In his keynote talk, Altena presented techniques for observing the cryosphere with daily CubeSat imagery. He also summed up several advantages such satellite imageries and remote sensing have for observing processes going on the Earth. A special focus was put on the use of the CubeSat satellites.
A CubeSat satellite is made up of multiples of 10 cm × 10 cm × 11.35 cm cubic units. The weight is around 1,3 kilogram. It is used by researchers and for non-academic purposes.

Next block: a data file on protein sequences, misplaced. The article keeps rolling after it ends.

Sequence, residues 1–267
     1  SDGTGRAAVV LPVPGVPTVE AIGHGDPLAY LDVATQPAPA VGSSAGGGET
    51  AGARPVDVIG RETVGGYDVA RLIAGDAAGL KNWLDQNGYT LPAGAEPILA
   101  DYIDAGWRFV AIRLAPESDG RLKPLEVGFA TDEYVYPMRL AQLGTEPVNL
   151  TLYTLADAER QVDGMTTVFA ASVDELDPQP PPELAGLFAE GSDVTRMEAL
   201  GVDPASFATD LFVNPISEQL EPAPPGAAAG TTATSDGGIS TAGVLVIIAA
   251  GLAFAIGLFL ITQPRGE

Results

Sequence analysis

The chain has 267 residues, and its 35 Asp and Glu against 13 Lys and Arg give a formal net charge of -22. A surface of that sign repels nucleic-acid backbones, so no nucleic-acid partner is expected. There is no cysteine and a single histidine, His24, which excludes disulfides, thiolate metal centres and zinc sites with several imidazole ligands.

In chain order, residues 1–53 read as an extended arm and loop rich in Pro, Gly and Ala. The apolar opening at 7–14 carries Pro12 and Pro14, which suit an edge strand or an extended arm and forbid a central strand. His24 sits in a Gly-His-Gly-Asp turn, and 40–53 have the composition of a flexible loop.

Altena is a Living Planet Fellow with grant from ESA, and the project leader of the ICEFLOW project about short-term movements in the cryosphere. A project in cryosphere research at Department of Geosciences, University of Oslo.
- Observing the ice of our planet with daily cubesat imagery, eo science for society, ESA, 7.8.2019
About the Innsbruck Summer School of Alpine Research:
Every second year the summer school brings together experts in the field of close-range remote sensing. This field of science tries to measure the environment with the help of drones, laser scanners and other instruments, in the challenging environment of high Alpine terrain. On the programme there are keynote lectures and hands-on workshops how to process such measurements, but also to collect own data.
- Interested, see here: Innsbruck Summer School of Alpine Research 2019